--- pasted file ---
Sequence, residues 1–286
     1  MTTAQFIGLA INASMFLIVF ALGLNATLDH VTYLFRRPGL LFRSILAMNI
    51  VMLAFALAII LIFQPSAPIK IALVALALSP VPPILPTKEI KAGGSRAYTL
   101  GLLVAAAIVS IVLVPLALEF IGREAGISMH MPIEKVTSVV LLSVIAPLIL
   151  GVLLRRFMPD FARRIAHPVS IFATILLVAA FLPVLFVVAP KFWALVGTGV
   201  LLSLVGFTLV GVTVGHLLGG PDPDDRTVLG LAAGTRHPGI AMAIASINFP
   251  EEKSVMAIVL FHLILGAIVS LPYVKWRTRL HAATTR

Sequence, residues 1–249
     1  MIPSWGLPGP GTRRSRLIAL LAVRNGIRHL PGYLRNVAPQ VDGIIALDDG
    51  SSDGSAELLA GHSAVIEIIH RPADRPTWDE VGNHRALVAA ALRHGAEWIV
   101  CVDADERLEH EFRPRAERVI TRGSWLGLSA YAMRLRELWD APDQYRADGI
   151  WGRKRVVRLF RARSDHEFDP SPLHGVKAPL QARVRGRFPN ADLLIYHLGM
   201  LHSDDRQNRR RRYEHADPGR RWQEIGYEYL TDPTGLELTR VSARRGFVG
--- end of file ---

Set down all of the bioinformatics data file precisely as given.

Sequence, residues 1–286
     1  MTTAQFIGLA INASMFLIVF ALGLNATLDH VTYLFRRPGL LFRSILAMNI
    51  VMLAFALAII LIFQPSAPIK IALVALALSP VPPILPTKEI KAGGSRAYTL
   101  GLLVAAAIVS IVLVPLALEF IGREAGISMH MPIEKVTSVV LLSVIAPLIL
   151  GVLLRRFMPD FARRIAHPVS IFATILLVAA FLPVLFVVAP KFWALVGTGV
   201  LLSLVGFTLV GVTVGHLLGG PDPDDRTVLG LAAGTRHPGI AMAIASINFP
   251  EEKSVMAIVL FHLILGAIVS LPYVKWRTRL HAATTR

Sequence, residues 1–249
     1  MIPSWGLPGP GTRRSRLIAL LAVRNGIRHL PGYLRNVAPQ VDGIIALDDG
    51  SSDGSAELLA GHSAVIEIIH RPADRPTWDE VGNHRALVAA ALRHGAEWIV
   101  CVDADERLEH EFRPRAERVI TRGSWLGLSA YAMRLRELWD APDQYRADGI
   151  WGRKRVVRLF RARSDHEFDP SPLHGVKAPL QARVRGRFPN ADLLIYHLGM
   201  LHSDDRQNRR RRYEHADPGR RWQEIGYEYL TDPTGLELTR VSARRGFVG